The Lecture Hall Complex at the Indian Institute of Technology (IIT), Delhi, is looking unusually busy these days, with hundreds of students and faculty members rushing in early to find good seats. The guest speaker is not a celebrated scientist or an engineer, but an economist. Arvind Subramanian, chief economic advisor to the government and former economist at the International Monetary Fund (IMF), has taken time off from his regular schedule to hold classes for a week on applied economics at IIT Delhi.
This is the first time after taking over as CEA in 2014 that Subramanian has donned a professor’s hat. His classes are part of the ‘Summer School for Economics Teachers’, a seven-day programme organised by the ministries of finance and human resource development to popularise open online courses.
The excitement among participants, including lecturers from IIT and other varsities (such as Delhi University and Jawaharlal Nehru University), was evident. Business Standard found on Monday that students from Subramanian’s alma mater, St Stephen’s College, and also from Hindu College, Lady Shri Ram College and others had turned up in large numbers at the third floor lecture hall at 10 in the morning, and stayed on for the whole day.
If the history of Indian economics was like a starter on day one (Sunday), Subramanian took up some of the contemporary topics on Monday. But the two items that consumed most of his time were the goods and services tax (GST) and inflation. “What happens when an item is exempted under the GST
and is used as an intermediary for another product?” asked an elderly economist. “As the GST
is applicable on the added value of a product at every stage, how does a company that sources its raw materials captively get income tax credit,” a PhD scholar was eager to know.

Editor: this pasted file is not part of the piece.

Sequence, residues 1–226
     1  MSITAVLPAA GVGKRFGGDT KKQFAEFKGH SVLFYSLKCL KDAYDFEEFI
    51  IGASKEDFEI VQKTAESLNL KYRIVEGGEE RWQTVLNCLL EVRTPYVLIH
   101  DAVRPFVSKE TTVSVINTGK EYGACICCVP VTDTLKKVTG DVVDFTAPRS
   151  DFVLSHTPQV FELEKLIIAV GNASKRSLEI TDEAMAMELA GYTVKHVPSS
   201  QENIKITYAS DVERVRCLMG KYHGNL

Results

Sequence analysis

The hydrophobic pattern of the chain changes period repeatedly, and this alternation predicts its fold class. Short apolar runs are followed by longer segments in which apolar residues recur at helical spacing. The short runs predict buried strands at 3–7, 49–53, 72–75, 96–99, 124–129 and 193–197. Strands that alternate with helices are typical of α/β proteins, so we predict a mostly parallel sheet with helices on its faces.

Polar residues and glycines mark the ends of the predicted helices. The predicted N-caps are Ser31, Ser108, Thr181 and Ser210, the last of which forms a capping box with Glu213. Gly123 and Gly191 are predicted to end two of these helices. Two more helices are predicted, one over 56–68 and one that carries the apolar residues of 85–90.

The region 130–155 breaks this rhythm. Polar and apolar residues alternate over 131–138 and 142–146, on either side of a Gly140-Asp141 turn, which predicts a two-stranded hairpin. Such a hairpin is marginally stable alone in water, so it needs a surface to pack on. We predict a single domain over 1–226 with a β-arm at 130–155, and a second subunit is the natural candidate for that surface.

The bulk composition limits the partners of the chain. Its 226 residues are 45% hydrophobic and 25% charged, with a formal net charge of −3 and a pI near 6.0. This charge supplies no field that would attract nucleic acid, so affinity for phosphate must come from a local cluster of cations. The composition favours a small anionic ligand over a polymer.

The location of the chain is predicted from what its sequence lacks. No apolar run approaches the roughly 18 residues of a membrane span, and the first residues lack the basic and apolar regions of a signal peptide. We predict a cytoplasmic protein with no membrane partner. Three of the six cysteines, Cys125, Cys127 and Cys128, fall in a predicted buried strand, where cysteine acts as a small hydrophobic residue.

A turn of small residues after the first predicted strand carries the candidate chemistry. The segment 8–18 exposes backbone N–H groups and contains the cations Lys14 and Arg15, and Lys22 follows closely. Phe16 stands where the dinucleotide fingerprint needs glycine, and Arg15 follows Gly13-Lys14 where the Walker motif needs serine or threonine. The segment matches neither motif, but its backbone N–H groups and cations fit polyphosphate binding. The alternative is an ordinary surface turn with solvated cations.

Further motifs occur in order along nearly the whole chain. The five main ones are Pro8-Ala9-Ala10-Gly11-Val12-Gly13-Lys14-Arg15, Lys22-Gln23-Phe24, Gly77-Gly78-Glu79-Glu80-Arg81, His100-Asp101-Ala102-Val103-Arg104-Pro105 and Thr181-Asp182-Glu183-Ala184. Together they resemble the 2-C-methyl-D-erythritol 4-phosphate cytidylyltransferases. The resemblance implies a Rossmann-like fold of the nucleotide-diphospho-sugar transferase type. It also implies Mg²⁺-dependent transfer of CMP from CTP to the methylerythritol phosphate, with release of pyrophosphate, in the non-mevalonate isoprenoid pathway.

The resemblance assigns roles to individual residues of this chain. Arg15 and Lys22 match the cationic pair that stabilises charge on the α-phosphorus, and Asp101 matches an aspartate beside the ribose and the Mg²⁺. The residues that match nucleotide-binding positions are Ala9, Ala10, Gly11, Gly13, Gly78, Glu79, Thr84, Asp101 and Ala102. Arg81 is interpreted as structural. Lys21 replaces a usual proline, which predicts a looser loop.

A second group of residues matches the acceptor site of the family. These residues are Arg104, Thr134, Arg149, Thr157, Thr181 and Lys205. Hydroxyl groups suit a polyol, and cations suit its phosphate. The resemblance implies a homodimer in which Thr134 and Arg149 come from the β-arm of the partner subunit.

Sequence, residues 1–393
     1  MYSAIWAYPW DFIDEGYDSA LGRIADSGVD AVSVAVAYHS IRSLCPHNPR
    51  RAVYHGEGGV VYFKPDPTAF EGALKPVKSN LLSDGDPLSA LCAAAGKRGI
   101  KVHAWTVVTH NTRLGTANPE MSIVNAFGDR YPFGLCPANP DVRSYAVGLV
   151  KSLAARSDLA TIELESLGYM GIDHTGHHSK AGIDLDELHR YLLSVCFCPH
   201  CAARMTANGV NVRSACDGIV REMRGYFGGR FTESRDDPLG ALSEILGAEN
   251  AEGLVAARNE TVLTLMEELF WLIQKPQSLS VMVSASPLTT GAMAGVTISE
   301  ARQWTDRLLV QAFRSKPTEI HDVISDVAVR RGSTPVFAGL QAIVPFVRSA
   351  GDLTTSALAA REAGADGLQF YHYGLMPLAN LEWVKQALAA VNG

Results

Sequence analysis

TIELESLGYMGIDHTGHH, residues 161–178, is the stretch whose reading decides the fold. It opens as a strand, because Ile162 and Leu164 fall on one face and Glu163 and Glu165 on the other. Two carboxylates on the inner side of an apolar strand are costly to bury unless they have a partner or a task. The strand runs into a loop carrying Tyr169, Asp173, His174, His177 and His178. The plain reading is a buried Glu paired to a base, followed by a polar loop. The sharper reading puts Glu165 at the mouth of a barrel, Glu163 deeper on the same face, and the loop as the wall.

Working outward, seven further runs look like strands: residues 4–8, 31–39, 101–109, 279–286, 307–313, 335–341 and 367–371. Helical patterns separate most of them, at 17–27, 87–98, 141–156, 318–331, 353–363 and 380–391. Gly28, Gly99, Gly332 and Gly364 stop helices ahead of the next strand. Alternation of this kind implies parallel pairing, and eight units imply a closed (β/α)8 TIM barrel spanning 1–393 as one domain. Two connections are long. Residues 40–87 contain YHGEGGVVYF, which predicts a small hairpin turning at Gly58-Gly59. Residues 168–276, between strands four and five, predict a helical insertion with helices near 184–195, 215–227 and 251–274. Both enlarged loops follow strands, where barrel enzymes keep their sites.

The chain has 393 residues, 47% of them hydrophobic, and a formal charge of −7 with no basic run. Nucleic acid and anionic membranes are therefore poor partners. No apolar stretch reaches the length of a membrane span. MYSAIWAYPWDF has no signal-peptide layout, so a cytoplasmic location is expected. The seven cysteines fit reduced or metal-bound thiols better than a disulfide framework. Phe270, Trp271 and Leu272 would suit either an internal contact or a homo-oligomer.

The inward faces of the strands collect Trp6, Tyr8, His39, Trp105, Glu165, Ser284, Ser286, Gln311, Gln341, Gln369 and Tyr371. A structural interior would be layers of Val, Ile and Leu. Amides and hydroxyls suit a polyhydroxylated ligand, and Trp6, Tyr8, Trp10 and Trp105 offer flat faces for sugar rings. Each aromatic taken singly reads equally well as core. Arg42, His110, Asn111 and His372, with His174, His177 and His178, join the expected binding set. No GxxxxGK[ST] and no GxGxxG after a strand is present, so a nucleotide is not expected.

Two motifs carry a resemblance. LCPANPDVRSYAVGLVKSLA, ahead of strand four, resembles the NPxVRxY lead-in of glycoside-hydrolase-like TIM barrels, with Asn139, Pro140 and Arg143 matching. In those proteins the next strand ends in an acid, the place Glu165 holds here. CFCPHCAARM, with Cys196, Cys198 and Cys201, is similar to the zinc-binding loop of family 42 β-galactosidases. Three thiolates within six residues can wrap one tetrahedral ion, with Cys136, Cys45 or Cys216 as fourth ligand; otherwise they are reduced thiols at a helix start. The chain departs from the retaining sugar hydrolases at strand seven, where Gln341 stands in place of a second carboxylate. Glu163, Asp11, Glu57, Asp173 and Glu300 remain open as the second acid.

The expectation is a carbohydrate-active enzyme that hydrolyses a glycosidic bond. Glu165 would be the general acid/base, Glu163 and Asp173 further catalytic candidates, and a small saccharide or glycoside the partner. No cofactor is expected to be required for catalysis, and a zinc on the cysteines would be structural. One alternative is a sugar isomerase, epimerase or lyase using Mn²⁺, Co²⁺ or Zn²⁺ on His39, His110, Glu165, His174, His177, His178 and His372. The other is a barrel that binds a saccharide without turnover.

“One of the key benefits that the GST
would bring in is it would have self-policing properties. In order to get input tax credit, a dealer would have to ask his seller for invoice, forcing a paper trail. But if the GST
exempts an intermediary item, the chain of paper trail would break. This is a big challenge,” his answer was prompt.
As the debate over the GST
heated up, Subramanian’s explanations touched on varied aspects of the new indirect tax structure. “While the GST
would reduce corruption and leakages, in principle, some people may still remain outside the tax net,” he said.
“Gold was one of the battles I fought and lost.’’ He was explaining his inclination towards imposing a higher tax on gold, rather than the 3 per cent that has been decided. “The NSSO
data show over 80 per cent gold is consumed by less than 15 per cent of the population. But it was ultimately kept low as the counter argument that was put forward was too high a tax may lead to evasion,” said Subramanian.
He also threw light on exempted goods. While nearly 80 items including products like curd, bread and sindoor are exempted under the GST, actual taxation on them is not nil as intermediary items to produce these goods would still attract tax.
“Net tax on consumers for exempted items would not be nil, although that’s how it appears”, he explained.
Then there were questions around the Reserve Bank of India and interest rates, a subject over which the CEA has been in news
Replying to a question on the possibility of 0 per cent interest, he said, “I am still fantasising about having the repo rate at 5.5 to 6 per cent and you gentleman are hoping for a zero interest. That would be too much for even me to take.”
He laughed and so did his audience.
Subramanian ended the day at 4:45 pm, some 15 minutes ahead of time, after promising to meet again at 10 am on Tuesday.